Rural Intelligence FoodAt just the right point in the germination process, the grains are dried, and readied for fermentation and distillation, which happens in a gleaming, custom-built 250-gallon copper pot still that was handmade in Louisville, KY. Pickerell points out the bulging part of the pipe leading out of the pot, known as the “onion,” noting that “It was hand-hammered, to a 1/8” thickness.” The still is currently producing Estate Bourbon, a blend of 51% corn and 49% rye – the latter from Hillrock’s own fields – which will be aged in white American oak barrels, in accordance with the strictly regulated Bourbon-making process.

Rural Intelligence FoodThe initial production will be used in Hillrock’s Solera Aged Bourbon — the first and only solera-aged whiskey to be produced in the United States. The solera aging process comes from Jerez, Spain, where Sherry barrels originally filled some hundred years ago are never fully drained in the bottling process, leaving a bit of the original sherry in every bottle produced. Welly explains that his Wine & Spirit Education Trust studies at the International Wine Center in NYC exposed him to Sherry wines and production techniques. “I found out that the solera system does create a consistent product over years, and one with incredible complexity,” he says. He suggested it to Baker, who liked the idea; with Pickerell’s experience and knowledge of the arcane world of alcohol law, the Hillrock team was able to implement this process to produce a bourbon that is unique on many different levels.

Says Pickerell, “No one can out Maker’s Mark Maker’s Mark. And nor should they try.” Hillrock Estate seeks its own flavor profile. The terroir at Hillrock Estates gives its grains a particular essence of both clover and cinnamon, which is pronounced in the distilled product. Beyond this distinctive terroir, the team has been exploring other means to differentiate Hillrock Estate bourbon, including experimenting with various approaches to aging their spirits — in barrels as small as two-liters and as large as 53 gallons — in order to develop more complexity in the finished product. Every distillery works slightly differently, but in general, raw spirits are aged in the larger barrels. Smaller barrels have a higher ratio of surface area of the wood to the spirit, which can produce a stronger and more complex effect, which Pickerell and Welly readily, and effectively, demonstrate in the tasting room.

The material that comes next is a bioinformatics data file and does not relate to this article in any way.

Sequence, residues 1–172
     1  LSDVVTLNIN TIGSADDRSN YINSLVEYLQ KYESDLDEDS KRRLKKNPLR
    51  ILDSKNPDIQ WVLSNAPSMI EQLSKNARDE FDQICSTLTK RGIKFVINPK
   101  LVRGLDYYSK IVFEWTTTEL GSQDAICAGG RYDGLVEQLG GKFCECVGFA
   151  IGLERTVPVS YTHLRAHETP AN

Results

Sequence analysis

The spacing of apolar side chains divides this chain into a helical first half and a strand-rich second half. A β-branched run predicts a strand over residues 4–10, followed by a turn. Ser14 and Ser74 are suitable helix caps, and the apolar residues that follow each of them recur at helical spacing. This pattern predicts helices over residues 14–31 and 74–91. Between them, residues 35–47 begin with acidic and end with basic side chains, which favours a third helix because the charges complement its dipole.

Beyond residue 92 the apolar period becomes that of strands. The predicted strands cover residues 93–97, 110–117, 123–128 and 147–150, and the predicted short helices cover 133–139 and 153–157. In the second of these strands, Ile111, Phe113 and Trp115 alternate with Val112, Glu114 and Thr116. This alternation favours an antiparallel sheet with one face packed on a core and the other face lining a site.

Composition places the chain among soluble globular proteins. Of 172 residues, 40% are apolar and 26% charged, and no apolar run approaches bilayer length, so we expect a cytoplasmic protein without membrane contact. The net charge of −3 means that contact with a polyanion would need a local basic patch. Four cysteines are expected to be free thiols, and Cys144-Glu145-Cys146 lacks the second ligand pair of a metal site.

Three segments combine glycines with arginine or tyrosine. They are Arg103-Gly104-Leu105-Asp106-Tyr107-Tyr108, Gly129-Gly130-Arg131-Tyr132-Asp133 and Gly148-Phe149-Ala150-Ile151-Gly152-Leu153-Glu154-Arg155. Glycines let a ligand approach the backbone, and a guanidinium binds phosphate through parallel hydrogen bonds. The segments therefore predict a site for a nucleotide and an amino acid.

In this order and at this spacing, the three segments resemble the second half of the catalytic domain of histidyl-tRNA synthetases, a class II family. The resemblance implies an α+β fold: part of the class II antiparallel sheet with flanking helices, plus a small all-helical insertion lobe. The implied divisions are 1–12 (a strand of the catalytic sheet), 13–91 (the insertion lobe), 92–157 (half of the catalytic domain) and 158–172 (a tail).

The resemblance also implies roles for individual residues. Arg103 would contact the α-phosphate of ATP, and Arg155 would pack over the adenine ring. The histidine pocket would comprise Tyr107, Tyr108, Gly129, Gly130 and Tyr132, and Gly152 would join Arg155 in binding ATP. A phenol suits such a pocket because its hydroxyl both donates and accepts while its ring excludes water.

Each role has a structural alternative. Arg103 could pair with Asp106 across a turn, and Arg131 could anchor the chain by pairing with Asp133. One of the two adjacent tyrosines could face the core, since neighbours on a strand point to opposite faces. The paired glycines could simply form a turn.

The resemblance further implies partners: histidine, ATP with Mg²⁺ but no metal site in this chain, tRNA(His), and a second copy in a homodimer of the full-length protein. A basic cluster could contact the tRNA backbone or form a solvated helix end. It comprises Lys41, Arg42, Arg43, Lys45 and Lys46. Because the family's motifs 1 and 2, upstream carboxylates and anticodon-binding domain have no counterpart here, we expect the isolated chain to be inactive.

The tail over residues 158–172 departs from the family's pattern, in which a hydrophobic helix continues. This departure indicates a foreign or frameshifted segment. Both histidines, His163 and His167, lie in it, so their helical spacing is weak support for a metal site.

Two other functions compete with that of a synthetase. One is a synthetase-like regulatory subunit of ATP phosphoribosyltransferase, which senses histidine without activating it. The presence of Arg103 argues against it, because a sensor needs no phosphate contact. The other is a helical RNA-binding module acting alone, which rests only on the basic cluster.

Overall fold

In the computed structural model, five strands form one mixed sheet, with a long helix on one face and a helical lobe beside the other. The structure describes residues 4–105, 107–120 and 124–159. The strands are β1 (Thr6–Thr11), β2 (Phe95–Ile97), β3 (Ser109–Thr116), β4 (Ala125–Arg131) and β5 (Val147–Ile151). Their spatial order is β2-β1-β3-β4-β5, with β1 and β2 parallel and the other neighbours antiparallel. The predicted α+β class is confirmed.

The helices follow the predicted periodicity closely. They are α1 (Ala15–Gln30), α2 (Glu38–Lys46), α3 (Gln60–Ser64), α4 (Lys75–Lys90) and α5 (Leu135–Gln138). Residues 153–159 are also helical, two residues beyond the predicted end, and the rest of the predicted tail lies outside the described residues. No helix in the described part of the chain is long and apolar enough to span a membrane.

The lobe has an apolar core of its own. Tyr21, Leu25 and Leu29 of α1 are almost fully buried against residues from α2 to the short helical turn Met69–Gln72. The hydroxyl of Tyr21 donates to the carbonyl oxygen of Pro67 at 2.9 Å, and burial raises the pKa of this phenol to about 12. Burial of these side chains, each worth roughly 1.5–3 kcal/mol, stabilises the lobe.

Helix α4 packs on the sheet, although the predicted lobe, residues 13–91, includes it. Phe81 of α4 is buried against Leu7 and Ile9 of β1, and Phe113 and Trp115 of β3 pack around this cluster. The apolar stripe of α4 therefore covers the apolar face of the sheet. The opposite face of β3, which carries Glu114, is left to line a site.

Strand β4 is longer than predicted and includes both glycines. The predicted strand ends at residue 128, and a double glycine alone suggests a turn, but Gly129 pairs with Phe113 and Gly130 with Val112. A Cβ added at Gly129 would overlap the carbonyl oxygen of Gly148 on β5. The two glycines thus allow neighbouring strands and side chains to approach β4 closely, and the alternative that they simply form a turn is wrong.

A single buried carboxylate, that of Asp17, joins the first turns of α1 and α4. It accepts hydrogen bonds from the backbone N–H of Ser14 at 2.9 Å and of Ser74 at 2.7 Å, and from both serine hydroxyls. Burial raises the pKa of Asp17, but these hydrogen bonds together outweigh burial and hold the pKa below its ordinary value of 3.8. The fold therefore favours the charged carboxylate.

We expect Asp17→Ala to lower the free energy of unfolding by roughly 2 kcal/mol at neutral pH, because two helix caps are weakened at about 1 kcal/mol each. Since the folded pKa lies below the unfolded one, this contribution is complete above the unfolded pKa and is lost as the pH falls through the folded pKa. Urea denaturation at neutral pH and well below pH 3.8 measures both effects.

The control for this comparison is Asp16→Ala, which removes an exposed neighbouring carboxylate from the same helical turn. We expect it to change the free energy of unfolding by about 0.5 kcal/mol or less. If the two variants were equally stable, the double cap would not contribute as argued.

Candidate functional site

Rural Intelligence FoodTo be sure, the results of this exacting field-to-glass approach don’t come cheap. Hillrock’s Solera Aged Bourbon will set you back $80 for a 750ml bottle, and $125 for the Single Malt, which will be available later this year. In 2013 Hillrock will release its Estate Bourbon and a 100% Rye Whiskey with prices to be determined. Baker realizes his pricing is aggressive but he says it’s worth every penny given the quality in the glass. In addition, there’s a premium for rarity; Hilllrock will produce only 1,000 – 2,000 cases in its first year, gearing up to an estimated capacity of 6,000 cases per year.

If you’d like to try before you buy, or if you’re ready to dive right in, you can taste, and purchase, Hillrock Estate Solera Aged Bourbon on site at the distillery; the visit to the spectacular farm and production facility is worth the trip. The by-reservation weekend-only tasting and tour costs $20 per person; the fee can be applied toward any spirits purchase.

Rural Intelligence FoodIf you don’t have the time or inclination to visit, Hillrock is now on the menu at a number of nearby restaurants, including as No. 9 and 52 Main in Millerton, and Agriturismo and Stissing House in Pine Plains. You can also pick up a bottle at local liquor stores such as Cascade Spirit Shoppe in Amenia, Little Gates & Co. in Millerton, and Village Wine & Spirits in Millbrook. Availability is growing quickly; check Hillrock Estate’s Facebook page for updates. Or buy it at the distillery, any day of the week; just be sure to call or email first.  – Timothy Eustis


Hillrock Estate Distillery
408 Pooles Hill Road
Ancram, New York
518.329.1023; info@hillrockdistillery.com

Open by appointment for purchases on weekdays, and for tours and tastings on weekends ($20 fee, applicable toward spirits purchase); please call or email for reservations.

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Posted by Bess Hochstein on 09/26/12 at 07:55 AM • Permalink